Many people have been involved in developing and advancing the RE-AIM model over the years. The list below acknowledges the primary contributors. Any oversights are unintentional and please bring these to our attention by contacting Samantha Harden.

Original Developers:
Russ Glasgow, Shawn Boles, Tom Vogt

National Working Group on RE-AIM Planning and Evaluation Framework:

Russell Glasgow, PhD Visiting Professor, Family Medicine Associate Director, Colorado Health Outcomes Program University of Colorado School of Medicine. Dr. Glasgow is one of the original developers of RE-AIM, and has focused on its application in primary care settings and for chronic illness self-management.  He is also interested in applications of interactive technologies that have potential for reaching broad audiences and in programs to assist older adults, especially those with multiple chronic conditions. 

Bridget Gaglio, PhD, Program Officer, PCORI. Dr. Gaglio is a behavioral scientist who has a background in working with multiple healthcare settings and conducting health interventions in real-world. Her work is characterized by two main themes: (1) to understand the gaps in the quality of health status and health care that exists among diverse segments of the population and (2) to design interventions that can be implemented and disseminated in a variety of “real world” settings and will benefit their target audiences.

Borsika A. Rabin, PhD, MPH, PharmDis an Assistant Professor at the Department of Family Medicine and Public Health at the School of Medicine, University of California San Diego in La Jolla, CA. She serves as an Implementation Scientist for the Center of Excellence for Stress and Mental Health at the San Diego VA and the Triple Aim QUERI Program at the Denver VA. She also is affiliated with the Dissemination and Implementation Program at the Adult and Child Center for Health Outcomes Research and Delivery Science at the School of Medicine, University of Colorado. Her research focuses on dissemination and implementation (D&I) of evidence-based interventions, communication and coordination around cancer care, and the evaluation and development of interactive, web-based interventions and tools with a strong emphasis on cancer survival prediction tools and tools that can support planning for D&I interventions. She designed and developed a number of web-based resources including the Make Research Matter ( web tool, the Cancer Prognostic Resources ( and D&I Models in Research and Practice ( website.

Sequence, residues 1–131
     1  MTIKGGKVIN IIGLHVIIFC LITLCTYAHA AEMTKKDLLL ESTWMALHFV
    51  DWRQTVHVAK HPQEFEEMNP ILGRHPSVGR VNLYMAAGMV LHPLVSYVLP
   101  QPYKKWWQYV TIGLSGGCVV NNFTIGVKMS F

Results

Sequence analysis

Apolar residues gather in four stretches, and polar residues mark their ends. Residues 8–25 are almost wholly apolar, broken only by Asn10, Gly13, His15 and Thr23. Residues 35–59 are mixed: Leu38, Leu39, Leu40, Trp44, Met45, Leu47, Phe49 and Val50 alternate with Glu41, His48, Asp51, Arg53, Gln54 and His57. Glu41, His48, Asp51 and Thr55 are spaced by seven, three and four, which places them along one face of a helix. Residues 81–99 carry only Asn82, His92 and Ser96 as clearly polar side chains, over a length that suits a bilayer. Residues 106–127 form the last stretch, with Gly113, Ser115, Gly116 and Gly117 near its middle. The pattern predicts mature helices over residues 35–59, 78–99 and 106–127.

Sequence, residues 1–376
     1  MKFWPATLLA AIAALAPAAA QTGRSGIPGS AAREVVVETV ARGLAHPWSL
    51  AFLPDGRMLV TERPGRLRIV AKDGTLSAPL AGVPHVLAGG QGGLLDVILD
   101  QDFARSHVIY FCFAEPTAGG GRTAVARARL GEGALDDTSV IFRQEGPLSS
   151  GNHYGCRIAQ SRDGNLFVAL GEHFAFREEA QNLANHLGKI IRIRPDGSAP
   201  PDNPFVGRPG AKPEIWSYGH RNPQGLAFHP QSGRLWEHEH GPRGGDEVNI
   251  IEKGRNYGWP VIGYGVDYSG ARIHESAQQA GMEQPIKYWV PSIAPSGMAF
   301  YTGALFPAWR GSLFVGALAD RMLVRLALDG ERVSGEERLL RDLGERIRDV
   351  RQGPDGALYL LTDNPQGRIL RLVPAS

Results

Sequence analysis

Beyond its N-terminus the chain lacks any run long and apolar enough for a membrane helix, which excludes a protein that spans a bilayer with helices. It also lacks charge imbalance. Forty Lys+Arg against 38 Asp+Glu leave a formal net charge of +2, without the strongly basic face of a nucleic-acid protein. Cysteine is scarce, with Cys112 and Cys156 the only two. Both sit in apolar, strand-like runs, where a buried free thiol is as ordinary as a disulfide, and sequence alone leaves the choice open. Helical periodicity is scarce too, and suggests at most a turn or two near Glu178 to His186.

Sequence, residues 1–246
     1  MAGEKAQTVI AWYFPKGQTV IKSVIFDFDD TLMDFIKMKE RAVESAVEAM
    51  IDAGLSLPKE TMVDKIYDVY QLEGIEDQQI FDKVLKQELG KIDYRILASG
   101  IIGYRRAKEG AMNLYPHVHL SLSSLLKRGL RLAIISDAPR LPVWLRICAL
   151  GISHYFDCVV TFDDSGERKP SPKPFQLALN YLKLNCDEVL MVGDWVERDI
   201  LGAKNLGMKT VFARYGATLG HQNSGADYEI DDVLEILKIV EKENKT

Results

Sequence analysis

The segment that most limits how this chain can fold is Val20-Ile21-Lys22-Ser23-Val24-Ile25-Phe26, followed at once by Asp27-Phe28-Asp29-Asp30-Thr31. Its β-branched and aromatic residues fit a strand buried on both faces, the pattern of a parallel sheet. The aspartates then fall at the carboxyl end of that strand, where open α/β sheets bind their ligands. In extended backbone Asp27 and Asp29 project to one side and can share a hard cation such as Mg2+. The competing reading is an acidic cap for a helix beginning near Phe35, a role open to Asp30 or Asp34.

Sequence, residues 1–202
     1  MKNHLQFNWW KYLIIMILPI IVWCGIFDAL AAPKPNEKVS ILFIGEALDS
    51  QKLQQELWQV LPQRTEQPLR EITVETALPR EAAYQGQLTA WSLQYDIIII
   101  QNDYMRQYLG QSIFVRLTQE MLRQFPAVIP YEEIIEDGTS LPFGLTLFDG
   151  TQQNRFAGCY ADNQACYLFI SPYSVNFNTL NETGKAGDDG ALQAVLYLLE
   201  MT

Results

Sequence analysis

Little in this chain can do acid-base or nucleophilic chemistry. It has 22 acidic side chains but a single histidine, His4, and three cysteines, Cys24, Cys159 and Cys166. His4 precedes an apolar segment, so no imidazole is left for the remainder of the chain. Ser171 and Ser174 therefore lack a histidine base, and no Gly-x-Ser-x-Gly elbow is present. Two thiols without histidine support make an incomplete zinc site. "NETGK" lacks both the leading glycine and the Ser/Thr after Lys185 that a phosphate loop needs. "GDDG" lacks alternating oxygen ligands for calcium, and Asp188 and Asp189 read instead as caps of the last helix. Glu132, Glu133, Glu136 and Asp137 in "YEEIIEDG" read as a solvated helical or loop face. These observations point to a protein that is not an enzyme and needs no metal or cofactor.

Marcia Ory, PhD, MPH, Texas A&M Health Science Center, Regents and Distinguished Professor. Dr. Ory’s research expertise is related to: healthy aging, chronic disease management; implementation and dissemination of evidence based programs; recruitment and retention of diverse populations. She has recently become involved in m-health approaches for assessing and changing lifestyle behaviors in clinical and community populations.

Paul A. Estabrooks, PhD, Harold M. Maurer Distinguished Chair, Professor at the University of Nebraska Medical Center. Dr. Estabrooks is a practical, behavioral scientist with a vision is to do research that integrates with health systems in a way that will result in a large public health impact.  Most of his work, which has been funded by the National Institutes of Health since 1999, focuses on testing innovative health promotion programs, policies, and practice interventions that can be adopted in schools, workplaces, and healthcare clinics. Dr. Estabrooks also studies health promotion initiatives that can be sustained in typical community and clinical settings, at a reasonable cost, and benefiting groups that experience health disparities.

Samantha Harden, PhD, Assistant Professor of Human Nutrition, Foods, & Exercise, Virginia Tech and Exercise Extension Specialist, Virginia Cooperative Extension. Dr. Harden studies ‘physical activity’ as a mechanism for improved health outcomes and psychological well-being; especially from a group dynamics-based approach. Working with a variety of populations from prenatal women to older adults, Dr. Harden explores intrapersonal, interpersonal, and system-level factors that either speed or impede the rate of translating evidence-based interventions into their intended practice settings (e.g., clinic, community).

RE-AIM Collaborators

Fabio Almeida, PhD, MSW, Associate Professor, University of Nebraska Medical Center. Dr. Almeida’s research and professional experience, to date, have focused on seeking solutions to the growing global chronic disease epidemic in particular as it has a disproportional negative impact on the lives of those who are the most vulnerable in our societies. The ultimate goal of his work is to eliminate health disparities within chronic diseases, enhance health equity, and improve health outcomes for those who need it most in collaboration with community and practice partners by using available resources, evidence-based programs, and cost-effective strategies focusing on better health and enhanced quality of life for all.